Is sleep for “losers”? On the contrary, mounting evidence reveals that adequate sleep – which, notably, can involve napping in the workplace – is linked to higher productivity, creativity, and sounder decision-making.
Yahoo CEO Marissa Mayer claims to sleep a mere four hours a night, as does PepsiCo CEO Indra Nooyi. Apple CEO Tim Cook boasts about being the first in the office and the last one to leave, and says he’s in the gym by 5 a.m. each morning, leaving him scant time for sleep. In fact, there are an incredible number of high-profile, successful people who humble-brag about sacrificing sleep in order to pack more into the day, including Twitter founder and Square CEO Jack Dorsey, AOL CEO Tim Armstrong, U.S. president Barack Obama… The list goes on. The message behind all of this self-reported sleep deprivation seems to be nicely summed up by the characteristically overstated question of 4-hour-per-night-sleeper, Donald Trump, who asks: “How does somebody that’s sleeping 12 and 14 hours a day compete with someone that’s sleeping three or four?” And yet, science does not support this idea that sacrificing sleep is a necessary step on the path to greatness. In fact, the evidence suggests that sacrificing sleep significantly comprises productivity, creativity, and decision-making capabilities.
Sleep deprivation is costing you – and your company
A 2015 study of 21,000 employees in the UK by Vitality Health found that those who slept for seven hours or more per night were more productive and effective in their jobs than those who regularly slept six hours or less. Meanwhile, a major 2011 study led by the faculty director of Harvard’s sleep medicine division, Charles Czeisler, found that the average amount of sleep people get per night during the workweek has decreased to less than (the crucial) seven hours per night. People on average now sleep an hour-and-a half less than we did 50 years ago, when the average was a healthy eight-anda- half hours. Culprits include increased workplace demands and associated longer working hours (a 2009 study of British employees found that working more than 55 hours a week, versus 35 to 40 hours, almost doubles rates of insomnia). Another cause for the decrease is believed to be increased exposure to blue light from screens, which disturbs people’s circadian rhythms and makes it harder to fall asleep at night. Without even entering into the serious long-term health costs of what Arianna Huffi ngton, co-founder and editor-in-chief of the eponymous media site, calls today’s “sleep deprivation crisis,” the immediate financial costs for companies are high. For example, Czeisler’s 2011 study found that inadequate sleep results in an average loss of 11.3 days of productivity per employee per year, or the equivalent of $2,280, representing a total loss of $63.2 billion per year to the nation as a whole.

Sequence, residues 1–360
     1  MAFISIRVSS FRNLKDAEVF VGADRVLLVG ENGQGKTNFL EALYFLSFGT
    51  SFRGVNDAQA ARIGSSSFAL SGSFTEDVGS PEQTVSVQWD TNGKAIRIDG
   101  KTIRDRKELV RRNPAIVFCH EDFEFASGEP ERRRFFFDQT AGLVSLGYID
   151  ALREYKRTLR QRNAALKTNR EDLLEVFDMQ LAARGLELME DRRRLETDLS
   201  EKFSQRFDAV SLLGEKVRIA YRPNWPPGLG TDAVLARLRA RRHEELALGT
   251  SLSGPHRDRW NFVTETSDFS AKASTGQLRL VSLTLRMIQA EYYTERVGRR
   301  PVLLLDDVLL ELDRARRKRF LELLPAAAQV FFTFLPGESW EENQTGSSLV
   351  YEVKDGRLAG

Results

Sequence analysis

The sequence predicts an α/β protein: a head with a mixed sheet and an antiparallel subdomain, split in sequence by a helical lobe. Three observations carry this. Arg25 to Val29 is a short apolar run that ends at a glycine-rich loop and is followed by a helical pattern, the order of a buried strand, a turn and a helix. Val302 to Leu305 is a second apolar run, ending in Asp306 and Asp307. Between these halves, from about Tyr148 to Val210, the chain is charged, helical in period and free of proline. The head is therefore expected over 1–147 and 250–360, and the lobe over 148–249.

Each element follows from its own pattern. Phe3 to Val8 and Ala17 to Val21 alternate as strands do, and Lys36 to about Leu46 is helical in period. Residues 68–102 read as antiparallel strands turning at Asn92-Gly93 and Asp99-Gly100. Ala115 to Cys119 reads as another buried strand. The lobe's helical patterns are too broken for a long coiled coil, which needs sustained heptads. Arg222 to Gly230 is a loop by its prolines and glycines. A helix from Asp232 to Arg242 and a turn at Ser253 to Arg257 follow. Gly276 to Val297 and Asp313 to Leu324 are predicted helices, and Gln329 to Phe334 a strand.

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Based on “Late sleepers are tired of being discriminated against. And science has their back” by Brian Resnick (Vox, 1 June 2016); “Devriez-vous vous lever (beaucoup) plus tôt le matin ?” by Mehdi Ramdani (LinkedIn, 15 February 2016) ; “The average worker loses 11 days of productivity each year due to insomnia, and companies are taking notice” by Jena McGregor (The Washington Post, 30 July 2015) ; “The secret of success: Needing less sleep?” by Laura Vanderkam (Fortune Magazine, 20 March 2012).